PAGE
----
Are There Any Good FREE Computer Anti-Virus Programs?

That is pretty much the question in a nutshell.

I know Norton and others are good, but my “free trial” ran out, and was wondering if there were any good free programs before I break down and purchase one.



Windows defender (dl direct from microsoft)

Even though at times the full paid versions of norton or macaffee stuff will do a more than admirable job, all of them will all eventually fail you. I never reccomend any of the well known programs for that very reason…when you do finally get bit, you didn’t pay $80 for the priveledge.

Thank you drachillix! Downloaded and installed.

Windows Defender is not an anti-virus program.

It is an anti-spyware program.

Hmmm…good point. (I should finally learn to read more closely…)

So I guess my question is still out there…any good FREE anti-virus programs that anyone knows about?

AVG is an antivirus program that is free and quite good.

Windows Defender is an antispyware program and is currently free but looks to be a pay thing one day.

You need BOTH antivirus and antispyware on your machine. Norton and McAfee and their ilk are starting to combine the two products but if you want free you will need to get other antispyware that is free. Windows Defender as already mentioned, SpyBot and Ad-Aware come to mind. Be careful about antispyware though…more than a few “antispyware” programs are wolves in sheep’s clothing and are in fact spyware themselves. If you do not go with these recommendations read independant reviews before installing.

BTW: Having two antispyware programs is a good idea as I have not seen a single program that reliably catched everything. Note that you do NOT want two antivirus programs running simultaneously.

I use Avast anti virus , which has a free personal edition. It works like a charm for me.

Not according to Microsoft. From the Windows Defender FAQ, “Windows Defender (Beta 2), subsequent beta versions, and the final release version will each be available at no additional charge for currently licensed Windows customers.”

Thanks…downloaded it and ran it (took quite awhile on my computer) and it seemed to function quite well, and while watching I was reminded it was about time to empty those temp internet files I have been meaning to dump.

Good and Free are mutually exclusive, aren’t they?
A free program doesn’t get the latest virus definitions.
My AV is furnished with my internet service. I received the update automatically before the email announcing it’s availability.

I’ve been using Avast for over a year now and it has been great. It catches stuff that McAfee and Symantic were missing.

No, not necessarily.

Anti-virus SW has been discussed many times on this board, and I think it’s safe to say that the consensus is that Norton’s stuff which is not free - is despised with a deep, burning, searing, seething passion while AVG - which is free - is very much liked.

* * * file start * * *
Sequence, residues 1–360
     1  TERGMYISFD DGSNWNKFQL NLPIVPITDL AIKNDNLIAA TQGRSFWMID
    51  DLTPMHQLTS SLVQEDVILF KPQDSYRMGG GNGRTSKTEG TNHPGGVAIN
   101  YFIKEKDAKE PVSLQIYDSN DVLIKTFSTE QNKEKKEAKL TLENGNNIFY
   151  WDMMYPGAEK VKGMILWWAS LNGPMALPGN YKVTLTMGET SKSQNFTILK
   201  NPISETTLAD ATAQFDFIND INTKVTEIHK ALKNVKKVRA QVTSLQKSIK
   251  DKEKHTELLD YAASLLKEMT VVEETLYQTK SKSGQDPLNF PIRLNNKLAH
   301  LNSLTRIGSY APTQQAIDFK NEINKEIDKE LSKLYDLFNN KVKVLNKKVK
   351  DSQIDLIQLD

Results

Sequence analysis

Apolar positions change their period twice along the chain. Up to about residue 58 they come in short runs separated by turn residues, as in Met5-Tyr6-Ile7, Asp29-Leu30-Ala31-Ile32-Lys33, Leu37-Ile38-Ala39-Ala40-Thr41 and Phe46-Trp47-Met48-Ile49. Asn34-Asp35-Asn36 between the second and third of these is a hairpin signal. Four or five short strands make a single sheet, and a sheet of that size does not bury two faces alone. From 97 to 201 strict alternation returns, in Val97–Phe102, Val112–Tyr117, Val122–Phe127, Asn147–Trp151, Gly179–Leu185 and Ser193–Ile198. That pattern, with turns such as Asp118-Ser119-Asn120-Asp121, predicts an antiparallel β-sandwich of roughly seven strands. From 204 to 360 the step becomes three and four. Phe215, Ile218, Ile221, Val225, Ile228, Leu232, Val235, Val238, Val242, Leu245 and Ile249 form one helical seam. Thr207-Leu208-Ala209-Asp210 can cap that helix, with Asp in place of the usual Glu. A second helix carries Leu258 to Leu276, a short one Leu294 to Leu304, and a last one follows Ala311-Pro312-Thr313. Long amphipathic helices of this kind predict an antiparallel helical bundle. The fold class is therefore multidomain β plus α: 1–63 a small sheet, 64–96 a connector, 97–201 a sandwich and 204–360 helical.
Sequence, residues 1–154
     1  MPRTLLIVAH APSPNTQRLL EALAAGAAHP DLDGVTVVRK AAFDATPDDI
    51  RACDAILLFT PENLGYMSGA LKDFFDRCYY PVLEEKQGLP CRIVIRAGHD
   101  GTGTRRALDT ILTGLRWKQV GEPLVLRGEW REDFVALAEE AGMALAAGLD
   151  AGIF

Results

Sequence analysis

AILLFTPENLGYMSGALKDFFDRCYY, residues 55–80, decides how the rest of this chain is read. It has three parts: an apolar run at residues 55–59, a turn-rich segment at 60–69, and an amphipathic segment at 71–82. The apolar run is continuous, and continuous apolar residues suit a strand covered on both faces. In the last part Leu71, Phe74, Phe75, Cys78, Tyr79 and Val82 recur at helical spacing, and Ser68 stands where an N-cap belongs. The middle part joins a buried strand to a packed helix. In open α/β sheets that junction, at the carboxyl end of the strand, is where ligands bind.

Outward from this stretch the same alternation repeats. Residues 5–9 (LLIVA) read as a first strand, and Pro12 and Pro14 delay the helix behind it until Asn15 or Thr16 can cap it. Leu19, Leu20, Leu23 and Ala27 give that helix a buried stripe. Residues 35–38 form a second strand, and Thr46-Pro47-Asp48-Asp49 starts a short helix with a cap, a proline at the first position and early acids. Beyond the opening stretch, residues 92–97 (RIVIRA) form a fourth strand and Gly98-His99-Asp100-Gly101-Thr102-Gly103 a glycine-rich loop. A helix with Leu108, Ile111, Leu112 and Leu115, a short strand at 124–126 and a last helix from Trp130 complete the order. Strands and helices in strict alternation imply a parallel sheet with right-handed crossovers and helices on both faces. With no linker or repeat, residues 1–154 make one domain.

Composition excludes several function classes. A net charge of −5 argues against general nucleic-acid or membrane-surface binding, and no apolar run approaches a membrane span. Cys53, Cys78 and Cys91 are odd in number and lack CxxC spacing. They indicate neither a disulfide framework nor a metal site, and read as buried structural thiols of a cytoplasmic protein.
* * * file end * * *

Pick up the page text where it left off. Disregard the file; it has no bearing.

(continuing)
I use AVG and I’m perfectly happy with it.

Here’s the only anti-virus sw I’ve ever put on any of my machines, and it’s always been free.

No single anti-virus program, or anti-spyware program for that matter, will catch every nasty thing out there. IT folks I have spoken with and respected PC websites all recommend using a combination of software, and keeping them all regularly updated.

I use Avast! anti-virus, Ad-Aware, Spybot anti-spyware which comes with Tea Timer resident preventative software, and ZoneAlarm firewall, all free. I have not experienced a problem in several years.

You can check out, run by CNET, for the latest programs and get user and editor reviews. There are paid programs, free trials, and outright free programs available.

You’d be surprised. There are times that the big guys like McAfee or Symantec get the signatures out first, and there are times that the little guys like AVG or Avast are first to release the signatures.

What you need to do is have what we call “defense in depth” whenever possible. In this case, to use a medical metaphor - it’s a second opinion.

It’s not advisable to run two different AV programs on a PC at the same time as they’ll trip over each other, and will mutually go bananas if you do get a virus - you’ll have a virtual cagematch as each app has an utter hissy fit when the other antivirus app attempts to control the virus file.

Instead, if your service provider says they use Brand X, you should use something else. It does no good if you’re using the same app that your provider is as you’ll have the same signature file as they do on their servers - using different brands means you’ll have different signature files and better chances that one or the other will catch the new threats.

From The 46 Best-ever Freeware Utilities:

[1] (16.0MB)
[2] (8.8MB)
[3] (8.7MB)
[4] (13.2MB)

It’s the best freeware listing site I’ve found on the 'net.

This combination’s fine - Ad-Aware and Spybot aren’t antivirus apps and they’ll coexist peacefully. ZoneAlarm is a firewall app, and as such isn’t directly doing anything against viruses or spyware. What it’s doing is watching for apps trying to operate in uncommon or inappropriate ways - stuff like “Hmmm… Why is the photo editing program trying to send email through an IRC port?” or even just “Why is the photo editor trying to send email?” It’s also doing the same thing on the inbound direction.